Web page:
Story | 24 Mar, 2021

Cambodia designates Boeung Snae as new wetlands protected area

On 5 February 2021, the Royal Government of Cambodia issued a sub-decree designating Toulpontalei – Boeung Snae Multiple Use Area. The 3,557-hectare wetland in the Mekong Delta hosts the second largest freshwater bird colony in the country, provides refuge for diverse fish species, and provides water for agriculture in the surrounding communities.

The Toulpontalei – Boeung Snae Multiple Use Area is the latest protected area in Cambodia to be established through government sub-decree with clear zoning and boundary demarcation from the beginning. The site is divided into two zones, including a core zone with a total area of 86 hectares and a sustainable use zone of 3,471 hectares. Article 6 of the sub-decree emphasizes the importance of promoting co-management in Boeung Snae Multiple Use Area.

The core zone will be managed by the Ministry of Environment with support from other ministries. The sustainable use zone will be managed by the Ministry of Interior, the Ministry of Land Management, Urban Planning and Construction, the Ministry of Economy and Finance, the Ministry of Agriculture, Forestry and Fisheries, and the Ministry of Water Resources, with other relevant ministries depending on the focus of interventions.

The multiple use area was established to ensure the conservation and protection of the site’s aesthetic, cultural and biodiversity values. Boeung Snae is an inland wetland that is fed by the Mekong River and rainfall during the rainy season. It stores more than 89 million cubic meters of water, supporting agricultural and household water for 14 communes.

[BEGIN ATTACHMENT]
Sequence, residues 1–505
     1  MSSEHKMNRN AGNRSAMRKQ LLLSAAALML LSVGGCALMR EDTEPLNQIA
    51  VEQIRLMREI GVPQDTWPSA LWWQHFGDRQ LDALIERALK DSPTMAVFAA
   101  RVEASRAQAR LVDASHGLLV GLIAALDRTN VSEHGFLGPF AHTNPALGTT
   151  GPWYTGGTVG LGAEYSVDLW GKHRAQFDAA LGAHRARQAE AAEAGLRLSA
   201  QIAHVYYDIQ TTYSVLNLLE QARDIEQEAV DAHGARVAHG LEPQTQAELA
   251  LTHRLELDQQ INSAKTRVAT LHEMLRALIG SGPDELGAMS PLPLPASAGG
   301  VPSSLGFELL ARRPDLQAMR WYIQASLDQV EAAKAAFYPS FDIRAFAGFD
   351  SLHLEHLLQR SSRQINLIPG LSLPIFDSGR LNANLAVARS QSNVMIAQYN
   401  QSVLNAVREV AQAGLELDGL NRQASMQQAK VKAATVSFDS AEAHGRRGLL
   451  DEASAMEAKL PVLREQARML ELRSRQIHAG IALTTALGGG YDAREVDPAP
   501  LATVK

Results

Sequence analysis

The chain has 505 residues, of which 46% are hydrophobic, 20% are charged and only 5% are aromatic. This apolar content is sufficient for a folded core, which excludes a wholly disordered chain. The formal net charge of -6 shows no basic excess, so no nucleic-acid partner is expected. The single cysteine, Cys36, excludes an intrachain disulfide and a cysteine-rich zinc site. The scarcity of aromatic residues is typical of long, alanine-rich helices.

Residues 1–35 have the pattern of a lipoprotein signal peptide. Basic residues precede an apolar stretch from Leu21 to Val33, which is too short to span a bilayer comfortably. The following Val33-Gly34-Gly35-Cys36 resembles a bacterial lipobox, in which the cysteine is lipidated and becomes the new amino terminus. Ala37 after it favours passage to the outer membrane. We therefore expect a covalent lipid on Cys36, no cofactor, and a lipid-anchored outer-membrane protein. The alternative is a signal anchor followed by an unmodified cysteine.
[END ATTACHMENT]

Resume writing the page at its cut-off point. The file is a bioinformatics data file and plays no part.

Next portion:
There are nine deep pools within the site, which provide habitat for freshwater fish to grow and reproduce, supporting an important fishing ground for four community fisheries living in the surrounding areas. It is also a recreational area for local people during the festival season and hosts a lake with a historical supernatural spirit called "Neak Ta Poan Tali."

Boeung Snae is a permanent lake during both dry and wet seasons, with 20% of the area covered by aquatic vegetation and flooded forest, and the remaining 80% as open lake. It hosts 53 species of large waterbirds, including the endangered Greater Adjutant (Leptoptilos dubius), the vulnerable Lesser Adjutant (Leptoptilos javanicus), and the near threatened Spot-billed Pelican (Pelecanus philippensis), Painted Stork (Mycteria leucocephala), and Black-headed Ibis (Threskiornis melanocephalus). The site also hosts a large colony of Asian openbills (Anastomus oscitans), and provides habitat for a range of migratory birds.


The Indo-Burma Ramsar Regional Initiative (IBRRI) was jointly developed by the Ramsar National Focal Points of the five countries (Cambodia, Lao PDR, Myanmar, Thailand, and Viet Nam), and IUCN’s Asia Regional Office, based on specific needs identified in these countries. It was endorsed by the 52nd meeting of the Ramsar Convention Standing Committee in June 2016. The IBRRI aims to support the coordinated implementation of the objectives of the Strategic Plan of the Ramsar Convention. IUCN acts as the Secretariat for the Initiative under the leadership of the Steering Committee, which includes representatives from the five governments and the Ramsar Convention Secretariat as an observer.